China: Trials of activists 'make a mockery' of government anti-corruption claims
Amnesty International has called on the Chinese authorities to immediately release the prominent New Citizens’ Movement activist Xu Zhiyong, whose trial is due to start in Beijing tomorrow.
A highly regarded legal scholar, Xu Zhiyong has been detained in Beijing since last July after he wrote an article in May 2012 entitled China Needs a New Citizens’ Movement, which is credited with spurring a loose network of activists who aim to promote government transparency and expose corruption.
Xu Zhiyong faces charges of “gathering a crowd to disturb order in a public place” and could be jailed for up to five years if convicted. Xu Zhiyong has described the “New Citizens’ Movement” as a peaceful cultural, social and political campaign.
At a pre-trial hearing last Friday, a judge rejected a request from Xu Zhiyong’s lawyer for his case to be tried alongside other defendants who have been jointly charged for their activities linked to the New Citizens’ Movement. Xu Zhiyong has said he will remain silent in court in protest at this decision.
Dozens of people linked to the New Citizens’ Movement - however tenuously - have been detained over the past year. Several of these activists have already been prosecuted simply for exercising their rights to assembly and free speech. After Xu Zhiyong, a further six activists are due to stand trial in Beijing later this week - Zhao Changqing and Hou Xin on Thursday, and Ding Jiaxi, Li Wei, Yuan Dong and Zhang Baocheng on Friday.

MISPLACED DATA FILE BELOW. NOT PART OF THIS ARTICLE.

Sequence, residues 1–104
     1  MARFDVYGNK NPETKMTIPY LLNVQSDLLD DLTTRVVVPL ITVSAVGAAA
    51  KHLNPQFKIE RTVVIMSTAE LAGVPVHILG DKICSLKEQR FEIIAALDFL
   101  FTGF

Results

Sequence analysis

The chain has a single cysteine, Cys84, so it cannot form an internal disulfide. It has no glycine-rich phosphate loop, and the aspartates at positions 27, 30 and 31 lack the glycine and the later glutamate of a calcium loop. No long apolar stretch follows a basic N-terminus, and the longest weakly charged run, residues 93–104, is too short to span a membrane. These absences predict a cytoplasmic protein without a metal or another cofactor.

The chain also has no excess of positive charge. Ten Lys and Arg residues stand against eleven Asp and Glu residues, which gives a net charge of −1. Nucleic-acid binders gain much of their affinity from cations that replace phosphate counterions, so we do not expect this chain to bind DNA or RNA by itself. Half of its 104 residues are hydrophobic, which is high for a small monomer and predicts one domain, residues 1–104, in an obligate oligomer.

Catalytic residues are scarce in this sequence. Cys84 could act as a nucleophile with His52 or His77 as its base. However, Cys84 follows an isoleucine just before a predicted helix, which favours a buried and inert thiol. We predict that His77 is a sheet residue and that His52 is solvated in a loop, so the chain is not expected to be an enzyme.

Amnesty International East Asia Research Director Roseann Rife said:
“Instead of President Xi Jinping’s promised clampdown on corruption, we are seeing a crackdown against those that want to expose it. The persecution of activists associated with the New Citizens Movement has to end.
“We consider Xu Zhiyong to be a prisoner of conscience and he should be released immediately and unconditionally. Anything less would make a mockery of the Chinese government’s ongoing anti-corruption efforts.
“By denying a collective trial the judge is preventing the full truth from being heard. It is yet another example of the injustice these activists face.”
Three other activists - Liu Ping, Wei Zhongping and Li Sihua - were put on trial in December in Jiangxi Province in southern China. Zhang Lin, a veteran activist, stood trial on 18 December. The verdict in these cases is still to be announced.
According to the organisation Chinese Human Rights Defenders, more than 65 people who are allegedly connected with the New Citizens’ Movement were detained or subjected to enforced disappearance as of early December. Thirty-seven have been formally arrested.
Suggested activities for “New Citizens” include: practising “New Citizen Responsibility” by rejecting corruption and by doing good for society, participating in civic life by holding meetings to discuss the political situation, helping the weak, and uniting to share and coordinate work.